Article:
When things really happen : the role of reauthorizations in the process of policy change
Hall, Thad Edward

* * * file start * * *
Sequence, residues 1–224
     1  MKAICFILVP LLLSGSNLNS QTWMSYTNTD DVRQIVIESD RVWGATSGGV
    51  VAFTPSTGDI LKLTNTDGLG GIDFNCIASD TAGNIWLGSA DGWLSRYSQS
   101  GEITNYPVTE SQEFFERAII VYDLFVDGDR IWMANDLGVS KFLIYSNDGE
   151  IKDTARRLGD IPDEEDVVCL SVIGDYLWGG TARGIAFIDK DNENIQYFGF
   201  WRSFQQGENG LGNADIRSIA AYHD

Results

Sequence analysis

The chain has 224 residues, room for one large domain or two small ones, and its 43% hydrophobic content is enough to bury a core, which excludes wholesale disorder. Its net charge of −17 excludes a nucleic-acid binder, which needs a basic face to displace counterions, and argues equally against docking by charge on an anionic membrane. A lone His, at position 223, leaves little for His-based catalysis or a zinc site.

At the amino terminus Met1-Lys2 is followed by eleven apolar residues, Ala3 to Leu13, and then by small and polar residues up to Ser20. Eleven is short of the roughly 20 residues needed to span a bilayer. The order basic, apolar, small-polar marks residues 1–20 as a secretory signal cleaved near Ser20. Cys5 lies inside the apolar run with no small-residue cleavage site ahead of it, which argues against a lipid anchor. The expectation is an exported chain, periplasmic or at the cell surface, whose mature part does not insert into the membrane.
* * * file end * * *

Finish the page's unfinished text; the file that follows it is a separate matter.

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Over the past half-century, the use of temporary authorizations - authorizations of funding or operations that expire at a given point - has proliferated. Congress began using temporary authorizations as a control mechanism in the 1960s, in an effort to gain effective oversight control over the military. Later in the decade, many scholars came to think that temporary authorizations gave authorizing committees leverage over appropriators in the fight over how much money various programs should receive. By the end of the decade, this mechanism was being used across the domestic and international policy domains. Using data for the years 1970 to 1994, I test whether temporary authorizations do in fact increase program oversight or influence the level of funding that public programs receive. The results of several multi-variate analyses show that temporary authorizations do not improve the level of funding that a program receives. Additionally, the analyses show that temporary authorizations do not facilitate ex post oversight - committees hold hearings at a relatively consistent level over time. However, temporary authorizations do facilitate ex ante oversight by opening up the legislation governing the program for adjustment. If temporary authorizations do not facilitate oversight or improve the level of funding a program receives, why does Congress use this mechanism? In chapter 3, I argue that temporary authorizations serve as a control mechanism for creating a stable policy environment by channeling policy change into discrete times when the authorization expires. By having reauthorizations, members of Congress can be assured that deals that have been struck in the legislative bargaining process will remain in place for the length of the authorization. The results of several multi-variate analyses show that temporary authorizations do serve in large measure to determine when legislative policy change does occur. Data show that the expiration of an authorization is the strongest factor in determining when legislative change will occur. This factor is more powerful than other factors such as the volume of hearings held or the amount of media coverage that is conducted. These findings show how temporary authorizations serve to allow Congress to control its internal and external environments by channeling the times during which policy change occurs.